Regenerative Medicine & Tissue Engineering
It is customary to experiment with animal tissue before any drug or procedure is first introduced to human patients. For this reason, Foregen decided in our preliminary it was best to perform the standard method of decellularization on bovine foreskins to prove that it is possible to decellularize a tissue that is both thin and elastic like the human foreskin. This served as a proof of concept in order to pave the way for future research.
All decellularization methods tested in our study were able to create ADM (animal dermis) displaying a drastic reduction of cell viability whilst maintaining a normal tissue morphology and structure.
Our preliminary research experiments on animal tissue as proof-of-concept is available for a more detailed inspection in a scholarly article here.
Animal tissue from the preliminary research.
Phase I Research
In this phase of our research we applied the decellularization technique developed by our scientists to human foreskin tissue to produce an ECM suitable for further testing, and ultimately regeneration. The results of the work are quite promising for Foregen’s aims. To summarize, the decellularization method we employed removed virtually all viable cells in the extracellular matrices. Additionally, the architecture of the matrices was left intact. There was also no difference in the mechanical properties of the decellularized matrices and native foreskin tissue. The decellularized matrices also exhibited a drastic increase in FGFb content, which we believe is a consequence of the decellularization process. This increase in FGFb content indicates high bioactivity, which effectively translates to meaning the scaffolds have high regenerative potential.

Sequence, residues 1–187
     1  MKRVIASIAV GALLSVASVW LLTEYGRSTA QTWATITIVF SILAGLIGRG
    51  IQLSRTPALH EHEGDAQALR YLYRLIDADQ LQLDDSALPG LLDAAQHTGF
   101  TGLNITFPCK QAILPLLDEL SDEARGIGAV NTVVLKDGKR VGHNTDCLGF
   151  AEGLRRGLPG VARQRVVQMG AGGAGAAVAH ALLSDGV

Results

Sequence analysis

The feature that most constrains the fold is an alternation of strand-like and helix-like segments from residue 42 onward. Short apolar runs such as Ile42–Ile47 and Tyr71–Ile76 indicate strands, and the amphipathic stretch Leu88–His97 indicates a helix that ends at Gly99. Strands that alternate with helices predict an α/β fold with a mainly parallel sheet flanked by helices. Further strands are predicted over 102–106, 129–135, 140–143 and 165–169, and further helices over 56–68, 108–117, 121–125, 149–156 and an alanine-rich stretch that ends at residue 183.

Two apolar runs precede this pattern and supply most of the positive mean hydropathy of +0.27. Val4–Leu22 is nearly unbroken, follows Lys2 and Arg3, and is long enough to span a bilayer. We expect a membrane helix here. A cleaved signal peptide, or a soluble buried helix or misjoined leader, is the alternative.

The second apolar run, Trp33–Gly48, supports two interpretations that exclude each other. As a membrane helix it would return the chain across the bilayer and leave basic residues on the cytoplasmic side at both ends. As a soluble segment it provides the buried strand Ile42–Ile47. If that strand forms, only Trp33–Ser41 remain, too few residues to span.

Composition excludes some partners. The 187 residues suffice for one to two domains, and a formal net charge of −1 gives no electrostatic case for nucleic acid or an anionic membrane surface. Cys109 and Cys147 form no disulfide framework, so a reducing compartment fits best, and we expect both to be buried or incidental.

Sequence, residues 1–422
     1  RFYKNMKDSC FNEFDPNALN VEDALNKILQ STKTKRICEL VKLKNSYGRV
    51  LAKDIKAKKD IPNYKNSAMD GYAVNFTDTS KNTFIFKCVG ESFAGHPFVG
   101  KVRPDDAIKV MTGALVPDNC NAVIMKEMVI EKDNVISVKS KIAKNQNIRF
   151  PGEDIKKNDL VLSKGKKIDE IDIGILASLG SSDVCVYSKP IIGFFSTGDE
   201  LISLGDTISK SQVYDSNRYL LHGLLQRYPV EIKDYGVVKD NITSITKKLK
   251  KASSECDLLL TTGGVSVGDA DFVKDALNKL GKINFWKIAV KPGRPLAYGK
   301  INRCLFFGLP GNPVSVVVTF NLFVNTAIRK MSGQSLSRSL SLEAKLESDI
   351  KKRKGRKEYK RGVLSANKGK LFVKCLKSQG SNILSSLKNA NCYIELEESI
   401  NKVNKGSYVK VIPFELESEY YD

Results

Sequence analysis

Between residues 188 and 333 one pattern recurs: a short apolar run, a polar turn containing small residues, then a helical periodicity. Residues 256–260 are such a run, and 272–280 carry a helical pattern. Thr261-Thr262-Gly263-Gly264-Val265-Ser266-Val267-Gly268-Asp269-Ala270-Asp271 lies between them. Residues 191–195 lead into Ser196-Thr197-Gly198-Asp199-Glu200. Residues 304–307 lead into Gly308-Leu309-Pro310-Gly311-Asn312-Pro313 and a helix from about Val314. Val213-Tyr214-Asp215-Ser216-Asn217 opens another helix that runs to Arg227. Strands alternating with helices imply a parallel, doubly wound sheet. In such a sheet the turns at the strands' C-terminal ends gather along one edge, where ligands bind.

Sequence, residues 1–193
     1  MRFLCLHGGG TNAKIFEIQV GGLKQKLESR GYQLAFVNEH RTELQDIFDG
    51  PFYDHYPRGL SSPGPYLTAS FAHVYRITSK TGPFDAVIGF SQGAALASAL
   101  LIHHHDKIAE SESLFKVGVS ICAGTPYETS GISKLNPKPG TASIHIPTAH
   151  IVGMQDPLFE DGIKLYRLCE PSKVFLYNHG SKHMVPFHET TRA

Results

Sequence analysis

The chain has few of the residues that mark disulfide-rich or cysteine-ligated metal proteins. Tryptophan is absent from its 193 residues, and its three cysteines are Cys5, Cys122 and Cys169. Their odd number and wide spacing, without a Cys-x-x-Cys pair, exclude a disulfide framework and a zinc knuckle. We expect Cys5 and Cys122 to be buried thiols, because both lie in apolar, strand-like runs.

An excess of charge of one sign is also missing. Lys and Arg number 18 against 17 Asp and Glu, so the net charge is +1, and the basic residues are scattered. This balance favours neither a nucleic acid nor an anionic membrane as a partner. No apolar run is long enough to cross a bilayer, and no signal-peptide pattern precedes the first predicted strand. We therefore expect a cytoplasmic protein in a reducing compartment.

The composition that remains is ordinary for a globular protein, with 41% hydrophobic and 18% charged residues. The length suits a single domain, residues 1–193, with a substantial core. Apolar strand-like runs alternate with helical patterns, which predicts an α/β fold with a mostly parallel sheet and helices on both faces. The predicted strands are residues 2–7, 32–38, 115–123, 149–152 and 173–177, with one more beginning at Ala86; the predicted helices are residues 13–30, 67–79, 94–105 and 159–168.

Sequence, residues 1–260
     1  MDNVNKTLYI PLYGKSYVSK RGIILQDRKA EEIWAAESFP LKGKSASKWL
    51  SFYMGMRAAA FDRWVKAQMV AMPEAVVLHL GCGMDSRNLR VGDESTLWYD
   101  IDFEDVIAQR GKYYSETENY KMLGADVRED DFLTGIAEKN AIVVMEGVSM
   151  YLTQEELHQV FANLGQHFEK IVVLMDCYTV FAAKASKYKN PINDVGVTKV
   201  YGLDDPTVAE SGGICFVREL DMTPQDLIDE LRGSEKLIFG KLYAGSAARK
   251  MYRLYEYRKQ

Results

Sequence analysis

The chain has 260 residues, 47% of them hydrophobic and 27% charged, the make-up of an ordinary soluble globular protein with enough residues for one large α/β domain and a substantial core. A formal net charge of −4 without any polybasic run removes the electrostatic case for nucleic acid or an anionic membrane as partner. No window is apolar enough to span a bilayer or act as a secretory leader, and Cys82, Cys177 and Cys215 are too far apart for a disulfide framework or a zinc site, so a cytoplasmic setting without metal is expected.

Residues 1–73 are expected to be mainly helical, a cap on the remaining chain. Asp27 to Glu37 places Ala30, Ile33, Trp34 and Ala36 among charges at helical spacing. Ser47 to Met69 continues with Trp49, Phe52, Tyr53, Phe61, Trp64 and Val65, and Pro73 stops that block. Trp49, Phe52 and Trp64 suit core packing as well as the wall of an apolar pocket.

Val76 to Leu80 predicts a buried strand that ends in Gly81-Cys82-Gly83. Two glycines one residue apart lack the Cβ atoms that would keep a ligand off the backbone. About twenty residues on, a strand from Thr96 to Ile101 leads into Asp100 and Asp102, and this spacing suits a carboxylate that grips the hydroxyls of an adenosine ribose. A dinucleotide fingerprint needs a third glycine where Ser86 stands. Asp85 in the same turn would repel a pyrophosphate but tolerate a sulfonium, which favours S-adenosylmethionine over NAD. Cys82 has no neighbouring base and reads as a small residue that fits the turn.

Our research highlighting Phase I, the decellularization of human tissue, has been published in SAGE Journal of Tissue Engineering and is available, open-access, to read here.
For a more comprehensive breakdown of our recent paper, please consult this primer we published.
We will use the extracellular matrices obtained via these decellularization methods to conduct animal trials, testing for biocompatibility and ensuring that the foreskin’s properties are maintained. Then, we will re-seed the extracellular matrices with the appropriate stem cells to fully regenerate human foreskins.
Once we have these regenerated human foreskins, and we have confirmed that these human foreskins are identical to their anatomical counterparts, we will publish our results. Once we have established a successful method for regenerating human foreskins, we will initiate the process to start human clinical trials. For a more detailed rundown of our plans, click here.